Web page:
“The cost of raw materials in the thin-wall food packaging and custom packaging we make is only about 30% of the total cost,” says Tanguay. “Most of the value is added through design, innovation and investment in new technology.”
Ultimately, Spartech accepted the management buyout offer because Tanguay’s group was willing to purchase the complete division, whereas most of the other potential buyers were interested in acquiring certain segments of the business.
Tanguay says the biggest challenge was pulling the financing together during a period when the stock market was suffering and the economy was contracting.
“Negotiating the financing was a long process. I was turned down twice,” he says. “We documented there was a positive cash flow in all phases of our operation, and were finally able to get the deal completed.”
This year Tanguay is projecting sales of approximately $60 million, with about $45 million coming from the thin-wall packaging, and the remainder from custom-molded packaging.
YOU CAN SAY “NO”
As an independent, family business, L&L has kept an open mind about both partnering and acquiring another business.
“We’ve had some partners in the past, but it hasn’t worked out,” Doug Lynde reports. With one of the partners, Doug explains, problems arose over differences in work ethics between the individual and the Lynde family. He says this person did not understand the dynamics of managing a smaller business, which often require working long, uncompensated hours. L&L bought out this partner in the early ’90s.
Jason Lynde, manager of plastic molding operations, says the company gets the usual calls from brokers wanting to list it for sale, but generally ignores these solicitations. It has, however, in at least two instances, looked seriously at acquiring the assets of other companies. Neither panned out.
“We couldn’t work out the details,” says Jason. “In one case, we lacked the space to bring in the new operations, and we learned the other company was losing money.”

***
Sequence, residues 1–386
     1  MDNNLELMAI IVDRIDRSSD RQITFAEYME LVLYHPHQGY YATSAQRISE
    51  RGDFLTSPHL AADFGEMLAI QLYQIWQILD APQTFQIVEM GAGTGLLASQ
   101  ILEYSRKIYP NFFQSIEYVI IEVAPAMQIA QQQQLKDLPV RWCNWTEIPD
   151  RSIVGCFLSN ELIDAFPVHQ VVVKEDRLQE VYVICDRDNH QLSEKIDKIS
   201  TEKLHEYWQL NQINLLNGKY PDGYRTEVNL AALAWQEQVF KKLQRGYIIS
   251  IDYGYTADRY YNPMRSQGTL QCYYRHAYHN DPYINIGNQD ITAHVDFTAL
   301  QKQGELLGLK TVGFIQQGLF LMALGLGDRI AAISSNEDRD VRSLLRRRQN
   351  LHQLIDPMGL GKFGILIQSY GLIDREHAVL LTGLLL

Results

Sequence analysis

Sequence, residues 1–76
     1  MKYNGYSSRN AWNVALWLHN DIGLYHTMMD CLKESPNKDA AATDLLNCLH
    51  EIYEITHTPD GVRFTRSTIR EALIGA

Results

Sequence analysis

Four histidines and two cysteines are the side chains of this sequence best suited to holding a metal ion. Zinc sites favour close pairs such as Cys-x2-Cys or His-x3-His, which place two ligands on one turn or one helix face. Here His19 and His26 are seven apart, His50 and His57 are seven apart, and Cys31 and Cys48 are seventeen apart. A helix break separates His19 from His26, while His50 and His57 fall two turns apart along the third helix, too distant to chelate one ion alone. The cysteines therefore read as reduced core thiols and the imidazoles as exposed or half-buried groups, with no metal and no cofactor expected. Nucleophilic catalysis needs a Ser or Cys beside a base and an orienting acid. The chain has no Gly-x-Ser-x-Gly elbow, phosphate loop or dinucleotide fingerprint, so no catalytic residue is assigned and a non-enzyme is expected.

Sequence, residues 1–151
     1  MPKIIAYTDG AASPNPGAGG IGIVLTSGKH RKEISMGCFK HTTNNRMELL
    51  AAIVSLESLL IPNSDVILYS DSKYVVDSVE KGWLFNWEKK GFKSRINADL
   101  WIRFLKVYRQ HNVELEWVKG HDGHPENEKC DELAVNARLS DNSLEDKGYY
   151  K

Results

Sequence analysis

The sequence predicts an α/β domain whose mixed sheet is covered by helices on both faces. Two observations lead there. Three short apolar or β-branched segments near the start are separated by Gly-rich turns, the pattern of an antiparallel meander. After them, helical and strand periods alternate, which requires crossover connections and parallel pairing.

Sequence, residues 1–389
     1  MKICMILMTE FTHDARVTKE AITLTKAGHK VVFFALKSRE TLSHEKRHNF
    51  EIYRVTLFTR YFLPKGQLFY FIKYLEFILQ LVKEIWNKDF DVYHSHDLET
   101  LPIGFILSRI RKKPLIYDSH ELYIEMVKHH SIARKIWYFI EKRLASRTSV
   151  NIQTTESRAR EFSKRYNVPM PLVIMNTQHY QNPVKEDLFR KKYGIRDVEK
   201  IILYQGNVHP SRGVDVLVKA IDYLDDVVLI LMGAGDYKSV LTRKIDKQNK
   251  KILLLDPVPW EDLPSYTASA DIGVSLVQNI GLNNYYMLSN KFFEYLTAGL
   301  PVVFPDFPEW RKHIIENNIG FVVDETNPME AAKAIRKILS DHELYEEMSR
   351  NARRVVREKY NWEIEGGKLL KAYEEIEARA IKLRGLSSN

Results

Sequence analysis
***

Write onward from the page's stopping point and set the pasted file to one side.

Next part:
The long hours and hard work appears to be paying off. The company has enjoyed a couple of banner years of 10% growth, and is looking to maintain growth in the range of 5 to 10% in the near future. Yet, the challenges of running a family business can often be formidable.
“It would probably be harder to start a family business in manufacturing today than it was 14 years ago,” notes Darlene. “Things like globalization and finding skilled labor make it tougher today.”
One especially tough challenge for small businesses in Canada is obtaining financing for capital investment through conventional banking institutions, notes Sonya Lynde, office manager.
“The smaller you are, the harder it is to obtain financing,” says Sonya. “We’ve turned to the Business Development Bank of Canada for two of our loans. They’ve been excellent to work with and seem to understand us better.”
Indeed smaller companies often find that the financing realistically at one’s disposal is the main limiting factor on aggressive growth plans. Acquiring the right partner or company to kick start that growth is one option any small business needs to keep open these days, the Lynde family concurs.
“We’re definitely not against merging or acquiring another business,” says Doug. “But the bottom line is that there has to be a large benefit for us to do it.”
When it comes to skilled labor, small and large businesses are competing for the same employees. In order to retain those employees, more companies, large and small, are turning to incentives. According to a survey of the IT sector conducted by the Employee Ownership and Incentives Association
37% of the companies offer profit sharing
21% offer stock options
24% have “open book” management
14% have on-site recreational or fitness facilities and a broad mix of incentives.